myoglobin
molecule inside the muscle cell that bonds to oxygen. stores oxygen
diastole
when the heart muscle is relaxed
atrial-when atrials are relaxed
ventricular- when ventricles are relaxed
systole
when heart muscles contract
atrial- when atrials contract
ventricular-when ventricles contract
Preload flow
atria and ventricles are both relaxed
fills up 7-% of ventricle
gravity causes blood to flow into ventricle
atria contracts which adds 30% to the amount in ventricle (atrial kick)
Frank starling law
the amount that goes in equals to the amount that goes out. important with respect to cardia output
SV-stroke volume
how much blood that is pushed out of the heart per beat
80ml/beat
HR-Heart Rate
number of heart beats per minute of time
70beat/min
(50-80)
CO-Cardiac Output
how much blood thats pushed out of the heart per minute of time
SVxHR=CO
Average total volume of blood
5 liters
afterload
resistance to blood flow when you have blood left in the ventricle to where preload isnt as successful. this can cause damage to heart, hear attacks and resistance
heart sounds
s1-Lubb-when AV valves close (ventricles contract)
S2-dupp-when semilumnar valves close ventricular diastole (prevent backflow when ventricles relax)
S3-turblant filling-not filling correctly blood flowing in a trublant fashion into ventricles cardiac heart failure
S4-atrial backfilling into still ventricle-doesnt push blood out. can be caused by hypertension
heart murmer
small amount og regurgnated blood, tricuspid or bicuspid isnt functioning properly. AV valves are malformed
Chordae tendonea
attached to bottom of valve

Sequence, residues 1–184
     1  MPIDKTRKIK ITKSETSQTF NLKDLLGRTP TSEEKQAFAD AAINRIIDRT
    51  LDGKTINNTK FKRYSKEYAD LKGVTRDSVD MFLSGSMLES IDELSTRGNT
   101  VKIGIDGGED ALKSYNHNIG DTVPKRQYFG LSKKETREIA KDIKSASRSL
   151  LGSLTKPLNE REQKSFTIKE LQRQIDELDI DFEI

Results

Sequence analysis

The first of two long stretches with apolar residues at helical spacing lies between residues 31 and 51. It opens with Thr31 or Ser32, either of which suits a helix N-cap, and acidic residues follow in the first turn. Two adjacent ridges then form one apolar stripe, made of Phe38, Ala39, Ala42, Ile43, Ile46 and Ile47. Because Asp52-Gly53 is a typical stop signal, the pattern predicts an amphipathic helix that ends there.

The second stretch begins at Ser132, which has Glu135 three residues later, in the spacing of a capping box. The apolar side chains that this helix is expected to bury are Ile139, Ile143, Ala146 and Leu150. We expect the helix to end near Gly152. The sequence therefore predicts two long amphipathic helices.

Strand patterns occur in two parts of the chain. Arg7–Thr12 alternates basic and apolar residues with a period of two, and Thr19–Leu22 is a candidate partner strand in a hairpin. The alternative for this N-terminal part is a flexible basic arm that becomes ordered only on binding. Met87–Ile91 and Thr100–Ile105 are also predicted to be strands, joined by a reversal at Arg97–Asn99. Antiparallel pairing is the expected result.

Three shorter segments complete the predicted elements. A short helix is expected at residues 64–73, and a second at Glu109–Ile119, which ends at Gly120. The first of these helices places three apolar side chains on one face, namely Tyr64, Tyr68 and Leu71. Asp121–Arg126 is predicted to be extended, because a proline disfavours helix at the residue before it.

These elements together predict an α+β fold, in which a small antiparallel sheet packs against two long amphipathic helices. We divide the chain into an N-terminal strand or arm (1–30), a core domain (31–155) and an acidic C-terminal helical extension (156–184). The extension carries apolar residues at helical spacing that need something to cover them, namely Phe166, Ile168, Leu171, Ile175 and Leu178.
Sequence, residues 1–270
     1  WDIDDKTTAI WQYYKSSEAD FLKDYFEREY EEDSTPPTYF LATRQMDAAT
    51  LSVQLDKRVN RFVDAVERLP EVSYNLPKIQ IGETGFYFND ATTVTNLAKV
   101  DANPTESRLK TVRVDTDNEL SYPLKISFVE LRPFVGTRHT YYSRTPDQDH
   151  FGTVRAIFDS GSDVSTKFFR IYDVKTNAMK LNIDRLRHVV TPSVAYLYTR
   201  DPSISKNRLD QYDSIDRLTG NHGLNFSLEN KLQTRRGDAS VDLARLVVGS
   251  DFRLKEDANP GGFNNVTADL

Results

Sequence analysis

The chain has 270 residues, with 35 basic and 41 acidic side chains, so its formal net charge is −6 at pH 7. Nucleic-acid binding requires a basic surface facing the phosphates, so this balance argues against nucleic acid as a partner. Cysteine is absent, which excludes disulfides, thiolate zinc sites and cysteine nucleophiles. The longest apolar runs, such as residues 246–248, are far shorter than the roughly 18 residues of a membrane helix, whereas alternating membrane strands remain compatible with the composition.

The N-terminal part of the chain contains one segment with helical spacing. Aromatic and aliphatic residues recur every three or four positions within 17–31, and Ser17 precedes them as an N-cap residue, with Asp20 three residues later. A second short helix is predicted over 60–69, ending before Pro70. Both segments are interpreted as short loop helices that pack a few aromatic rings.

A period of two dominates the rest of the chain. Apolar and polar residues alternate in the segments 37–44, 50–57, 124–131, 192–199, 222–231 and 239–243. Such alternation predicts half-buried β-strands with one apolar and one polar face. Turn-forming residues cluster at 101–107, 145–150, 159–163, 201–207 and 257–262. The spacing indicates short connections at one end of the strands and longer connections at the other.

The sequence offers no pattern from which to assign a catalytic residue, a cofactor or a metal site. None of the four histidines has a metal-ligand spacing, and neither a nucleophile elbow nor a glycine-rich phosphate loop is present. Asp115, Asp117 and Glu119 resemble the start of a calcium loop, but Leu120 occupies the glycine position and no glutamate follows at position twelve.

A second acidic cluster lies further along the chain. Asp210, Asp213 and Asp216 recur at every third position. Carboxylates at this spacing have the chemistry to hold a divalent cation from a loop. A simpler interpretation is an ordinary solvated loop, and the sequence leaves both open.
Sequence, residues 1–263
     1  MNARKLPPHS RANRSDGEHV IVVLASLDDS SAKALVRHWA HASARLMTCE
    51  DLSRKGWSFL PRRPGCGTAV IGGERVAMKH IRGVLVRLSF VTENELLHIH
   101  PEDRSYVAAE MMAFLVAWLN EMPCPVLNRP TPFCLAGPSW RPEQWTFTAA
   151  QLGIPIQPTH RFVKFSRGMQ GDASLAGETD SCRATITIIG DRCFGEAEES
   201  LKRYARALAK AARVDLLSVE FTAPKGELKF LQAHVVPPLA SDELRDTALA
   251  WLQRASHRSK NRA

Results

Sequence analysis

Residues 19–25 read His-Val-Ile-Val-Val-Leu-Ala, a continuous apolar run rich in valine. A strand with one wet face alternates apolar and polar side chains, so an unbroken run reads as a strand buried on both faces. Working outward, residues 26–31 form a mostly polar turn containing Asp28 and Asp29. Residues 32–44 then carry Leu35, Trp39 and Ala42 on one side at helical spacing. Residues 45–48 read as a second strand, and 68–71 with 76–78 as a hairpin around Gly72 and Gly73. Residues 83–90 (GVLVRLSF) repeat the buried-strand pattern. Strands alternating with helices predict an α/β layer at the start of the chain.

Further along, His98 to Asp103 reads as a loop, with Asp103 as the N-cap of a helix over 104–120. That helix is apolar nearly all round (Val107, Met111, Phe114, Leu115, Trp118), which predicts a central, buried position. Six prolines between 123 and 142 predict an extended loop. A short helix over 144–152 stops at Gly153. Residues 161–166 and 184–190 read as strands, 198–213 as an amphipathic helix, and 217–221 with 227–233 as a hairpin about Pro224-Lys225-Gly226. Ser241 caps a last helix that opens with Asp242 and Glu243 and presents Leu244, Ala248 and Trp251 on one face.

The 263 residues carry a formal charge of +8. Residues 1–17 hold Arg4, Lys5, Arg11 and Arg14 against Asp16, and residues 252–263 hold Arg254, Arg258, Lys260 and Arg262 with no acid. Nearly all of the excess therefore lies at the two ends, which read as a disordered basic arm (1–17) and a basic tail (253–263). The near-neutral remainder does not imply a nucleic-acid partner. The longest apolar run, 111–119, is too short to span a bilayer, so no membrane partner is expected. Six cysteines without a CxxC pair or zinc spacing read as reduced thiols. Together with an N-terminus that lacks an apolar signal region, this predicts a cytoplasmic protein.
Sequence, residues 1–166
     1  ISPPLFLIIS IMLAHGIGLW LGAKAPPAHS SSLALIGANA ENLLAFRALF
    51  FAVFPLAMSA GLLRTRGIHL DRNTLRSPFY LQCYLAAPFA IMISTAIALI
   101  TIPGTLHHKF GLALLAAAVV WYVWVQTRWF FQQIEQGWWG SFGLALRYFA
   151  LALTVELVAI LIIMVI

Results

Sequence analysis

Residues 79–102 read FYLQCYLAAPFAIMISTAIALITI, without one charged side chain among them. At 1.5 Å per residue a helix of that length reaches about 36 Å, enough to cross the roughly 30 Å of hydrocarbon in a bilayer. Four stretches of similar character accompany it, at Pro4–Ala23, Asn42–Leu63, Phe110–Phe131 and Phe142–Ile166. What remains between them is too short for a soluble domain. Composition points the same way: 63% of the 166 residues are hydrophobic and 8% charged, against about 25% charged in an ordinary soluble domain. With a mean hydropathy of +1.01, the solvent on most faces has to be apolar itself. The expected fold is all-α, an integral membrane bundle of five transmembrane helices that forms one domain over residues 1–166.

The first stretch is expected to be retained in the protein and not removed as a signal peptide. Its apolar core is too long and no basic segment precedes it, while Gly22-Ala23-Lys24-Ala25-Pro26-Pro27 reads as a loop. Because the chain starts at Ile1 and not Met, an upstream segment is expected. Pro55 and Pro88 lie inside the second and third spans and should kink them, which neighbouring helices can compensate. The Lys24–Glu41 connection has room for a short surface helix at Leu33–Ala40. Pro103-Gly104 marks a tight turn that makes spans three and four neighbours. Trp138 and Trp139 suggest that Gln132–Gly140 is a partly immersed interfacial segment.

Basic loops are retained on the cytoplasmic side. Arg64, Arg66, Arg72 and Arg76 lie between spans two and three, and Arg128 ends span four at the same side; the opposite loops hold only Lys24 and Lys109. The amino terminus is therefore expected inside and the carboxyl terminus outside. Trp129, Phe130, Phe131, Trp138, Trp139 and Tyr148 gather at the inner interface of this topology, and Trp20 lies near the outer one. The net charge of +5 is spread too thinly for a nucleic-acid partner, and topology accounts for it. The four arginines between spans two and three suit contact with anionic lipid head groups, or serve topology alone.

Sino Atrial Node (SA node)
a small group of cells that are hypoplarized. a small stimulus will create an action potiential that spreads throughout atrea. also called a pacemaker
70-80 beat/min
what happens when the wall of the right atrium stretches
causes an action potiential
AV Node
back up pacemaker. 40-60 beat/min
when signal gets to AV node it stops breifly and it gives atria time to finish contacting to fill up ventricle
Bundle of His
conducting fibers that carry action potientials from AV node to Apex of heart
Purkinje fibers
spread the action potienttial thorughout the ventricles. then the ventricles contract
Bradycardia
slow heart rate
Tachycardia
fast heart rate
ECG-EKG
electrocardiogram-measure of the electrical activity of the heart
P wave
atrial systole-atria muscle fibers are contracting
QRS
Ventricular systole-ventricles contracting, blood is moving out of ventricles into semilumnar valves
T
ventricular diastole- ventricles relax
ANS
sympathetic-norepinephrine
parasympathetic-ACH
vagus nerve-cranial berve number 10
Elvis
Where are the cardiac control centers
in the brainstem
where is the cardioacceletatory center found
in the medulla oblongata
where is the cardioinhibitory center found
medulla oblongata
stress
nor adrenaline, nor epinephrine, can cause heart rate to speed up
Glucocorticoids
supress immune system
how can you fix chronic stress
stress management, relaxation, aerobic exercise programs
what happens during chronic stress
reduced fratility, immune system, pathological behaviors
enlarged adrenal glands
cause a deteriation of blood vessels in heart, kidneys and liver
liver- has to clean everything overtime
kidneys-filteration overtime
vascular
system of tubes the blood flows though, the blood proteins, RBC and platelets should stau in these tubes
Tunica (intima) interna
adjecent to the blood inside the vessel, simple squamous epithelium
tunica media
elastic fibers, Smooth Muscle, irregular dense connective tissue
tunica (adventitia) externa
outer layer, simple squamous epithelial tissue
smooth muscle
gives you the ability to control the diameter of blood vessels